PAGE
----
Designated by Congress in 1976 under the Wild and Scenic River Act, the Three Forks of the Flathead Wild and Scenic River are currently managed under the 1980 Flathead River Management Plan. For the last two years, the Flathead National Forest and Glacier National Park have been updating a Comprehensive River Management Plan (CRMP) for a river system they cooperatively manage, and which considers the significant increase of use (both on shore and by boat) and an obligation to protect the river system’s “Outstanding Remarkable Values” (ORV) as characterized by the federal legislation.
The Flathead National Forest and Glacier National Park currently manage the 219 miles of the Three Forks of the Flathead River under the vintage Flathead Wild and Scenic Comprehensive River Management Plan, as well as the Flathead River Recreation Management Direction, and the current editions of the Glacier National Park General Management Plan and the Flathead National Forest’s Forest Plan.
Work on the lengthy CRMP process got underway in late 2017 and the plan, along with an environmental assessment, was expected to be released for public comment in early 2020, followed by a final decision later that summer; however, staffing and funding issues forced a delay, and the coronavirus pandemic further disrupted progress. The new timeline anticipates a draft CRMP and environmental assessment will be released in the fall of 2022 for public review and comment, including a public engagement session. The final decision and CRMP is expected next year.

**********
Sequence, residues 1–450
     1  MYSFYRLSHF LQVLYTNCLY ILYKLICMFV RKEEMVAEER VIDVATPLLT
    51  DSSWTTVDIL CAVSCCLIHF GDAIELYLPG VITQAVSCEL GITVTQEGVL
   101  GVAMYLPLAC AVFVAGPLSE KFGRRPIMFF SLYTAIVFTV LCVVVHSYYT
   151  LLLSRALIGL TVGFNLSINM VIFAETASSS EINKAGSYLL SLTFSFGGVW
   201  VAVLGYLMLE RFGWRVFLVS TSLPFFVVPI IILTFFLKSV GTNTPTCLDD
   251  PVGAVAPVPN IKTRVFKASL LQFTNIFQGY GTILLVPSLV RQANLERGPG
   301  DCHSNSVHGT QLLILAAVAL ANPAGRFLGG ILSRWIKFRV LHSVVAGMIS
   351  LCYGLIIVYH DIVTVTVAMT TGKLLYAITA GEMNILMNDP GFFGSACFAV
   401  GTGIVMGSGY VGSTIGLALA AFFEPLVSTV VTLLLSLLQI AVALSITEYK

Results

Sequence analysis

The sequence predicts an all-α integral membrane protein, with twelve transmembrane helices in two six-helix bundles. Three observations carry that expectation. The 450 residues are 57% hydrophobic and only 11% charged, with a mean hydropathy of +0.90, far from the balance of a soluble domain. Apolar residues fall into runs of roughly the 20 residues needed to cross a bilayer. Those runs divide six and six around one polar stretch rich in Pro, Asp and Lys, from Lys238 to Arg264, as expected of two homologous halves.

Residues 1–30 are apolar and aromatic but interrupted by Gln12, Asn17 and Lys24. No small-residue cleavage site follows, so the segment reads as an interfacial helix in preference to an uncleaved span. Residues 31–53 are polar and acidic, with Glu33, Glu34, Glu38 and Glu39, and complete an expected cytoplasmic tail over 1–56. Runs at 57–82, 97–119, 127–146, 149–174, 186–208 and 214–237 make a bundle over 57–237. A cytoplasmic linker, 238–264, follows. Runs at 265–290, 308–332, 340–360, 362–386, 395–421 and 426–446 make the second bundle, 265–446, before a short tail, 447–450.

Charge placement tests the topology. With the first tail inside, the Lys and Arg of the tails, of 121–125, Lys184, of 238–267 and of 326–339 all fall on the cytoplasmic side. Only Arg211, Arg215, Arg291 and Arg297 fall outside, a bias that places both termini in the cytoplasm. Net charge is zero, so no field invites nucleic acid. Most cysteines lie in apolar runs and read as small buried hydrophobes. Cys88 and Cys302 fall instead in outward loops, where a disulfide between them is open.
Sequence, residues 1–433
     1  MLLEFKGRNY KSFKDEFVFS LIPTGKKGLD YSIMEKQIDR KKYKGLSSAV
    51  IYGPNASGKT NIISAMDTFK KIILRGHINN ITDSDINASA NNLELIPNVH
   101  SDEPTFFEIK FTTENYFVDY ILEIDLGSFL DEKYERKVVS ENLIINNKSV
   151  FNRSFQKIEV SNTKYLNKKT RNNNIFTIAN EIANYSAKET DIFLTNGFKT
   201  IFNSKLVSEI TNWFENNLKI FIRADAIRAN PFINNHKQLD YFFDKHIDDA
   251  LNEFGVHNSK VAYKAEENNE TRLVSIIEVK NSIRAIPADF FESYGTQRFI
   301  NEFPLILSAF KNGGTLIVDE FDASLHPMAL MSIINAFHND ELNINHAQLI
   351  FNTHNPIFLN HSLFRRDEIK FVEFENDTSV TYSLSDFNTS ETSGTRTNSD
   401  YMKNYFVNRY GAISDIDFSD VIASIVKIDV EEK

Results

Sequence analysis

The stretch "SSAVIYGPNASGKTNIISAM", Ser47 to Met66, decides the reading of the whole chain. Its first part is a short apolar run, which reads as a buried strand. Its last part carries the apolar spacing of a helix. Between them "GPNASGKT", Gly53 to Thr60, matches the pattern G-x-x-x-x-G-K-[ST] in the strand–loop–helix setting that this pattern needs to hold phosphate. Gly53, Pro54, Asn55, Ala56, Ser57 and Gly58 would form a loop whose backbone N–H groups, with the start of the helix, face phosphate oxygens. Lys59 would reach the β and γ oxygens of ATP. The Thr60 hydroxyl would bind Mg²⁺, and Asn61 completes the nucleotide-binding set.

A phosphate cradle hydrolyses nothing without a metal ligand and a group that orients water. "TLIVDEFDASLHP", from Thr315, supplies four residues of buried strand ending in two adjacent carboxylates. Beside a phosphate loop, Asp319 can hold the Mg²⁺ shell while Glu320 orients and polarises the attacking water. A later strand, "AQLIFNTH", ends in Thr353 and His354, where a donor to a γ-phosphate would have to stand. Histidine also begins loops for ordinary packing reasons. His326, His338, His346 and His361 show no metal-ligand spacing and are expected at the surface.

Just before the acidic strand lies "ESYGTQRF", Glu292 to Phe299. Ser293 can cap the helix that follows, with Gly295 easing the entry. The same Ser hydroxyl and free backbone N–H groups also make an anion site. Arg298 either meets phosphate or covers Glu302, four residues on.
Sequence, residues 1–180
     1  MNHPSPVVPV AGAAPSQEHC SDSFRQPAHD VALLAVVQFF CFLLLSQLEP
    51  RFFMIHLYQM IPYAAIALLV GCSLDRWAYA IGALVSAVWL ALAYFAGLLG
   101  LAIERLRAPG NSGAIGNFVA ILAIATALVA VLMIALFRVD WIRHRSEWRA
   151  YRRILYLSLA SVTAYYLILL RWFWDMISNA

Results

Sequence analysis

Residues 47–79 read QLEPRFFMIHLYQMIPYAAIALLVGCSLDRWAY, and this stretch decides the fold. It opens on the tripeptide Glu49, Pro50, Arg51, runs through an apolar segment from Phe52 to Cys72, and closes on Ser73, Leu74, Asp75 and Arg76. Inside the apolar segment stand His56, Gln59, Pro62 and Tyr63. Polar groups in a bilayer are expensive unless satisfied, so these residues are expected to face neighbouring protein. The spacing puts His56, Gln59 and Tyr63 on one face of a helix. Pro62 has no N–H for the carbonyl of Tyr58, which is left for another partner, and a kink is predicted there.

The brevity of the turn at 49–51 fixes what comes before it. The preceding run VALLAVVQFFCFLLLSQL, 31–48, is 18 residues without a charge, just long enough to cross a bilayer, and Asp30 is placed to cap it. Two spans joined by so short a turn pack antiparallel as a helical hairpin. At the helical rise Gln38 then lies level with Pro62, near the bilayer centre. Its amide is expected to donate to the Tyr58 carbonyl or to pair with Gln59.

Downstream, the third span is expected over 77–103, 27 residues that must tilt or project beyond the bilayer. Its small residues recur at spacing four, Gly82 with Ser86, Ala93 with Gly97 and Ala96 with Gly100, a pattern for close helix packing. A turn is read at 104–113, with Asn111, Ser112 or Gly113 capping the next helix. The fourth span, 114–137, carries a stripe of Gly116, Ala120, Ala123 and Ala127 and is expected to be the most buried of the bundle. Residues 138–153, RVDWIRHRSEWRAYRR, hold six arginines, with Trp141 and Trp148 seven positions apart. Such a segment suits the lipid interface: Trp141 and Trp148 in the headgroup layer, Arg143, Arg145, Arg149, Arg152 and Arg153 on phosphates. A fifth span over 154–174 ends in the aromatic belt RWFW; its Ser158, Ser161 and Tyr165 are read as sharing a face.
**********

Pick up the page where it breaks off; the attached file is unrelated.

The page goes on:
To help members of the public brush up on the finer points of a management planning process that only happens every two decades — and in this case has now spanned more than four — a nonprofit stakeholder group called the Flathead Rivers Alliance (FRA) formed with an education-driven mission.
“Management of the Three Forks of the Flathead Wild and Scenic River isn’t simple, it’s complex. But understanding its value and learning what tools are available to prevent degradation does not have to be complex,” Sheena Pate, executive director of FRA, said. “Our goal is to promote a better understanding of those values and create new generations of river stewards so that more restrictive tools like a permitting system won’t be necessary.”
Still, for members of the public to gain a better understanding of how they can help inform the CRMP, Pate says it’s important for them to first learn a bit about the Wild and Scenic River designation under the National Wild and Scenic Rivers System.
The Wild and Scenic Rivers System has three river classifications: wild, scenic and recreational. A single river or river segment may be divided into different classifications, depending on the type and intensity of the development and access present along the river at the time of designation. On the Flathead River system, all three levels of classification exist, and balancing them under the draft plan involves implementing “triggers” and “thresholds” that will prompt management actions, including permitting and limiting the sizes of float groups and restricting outfitters.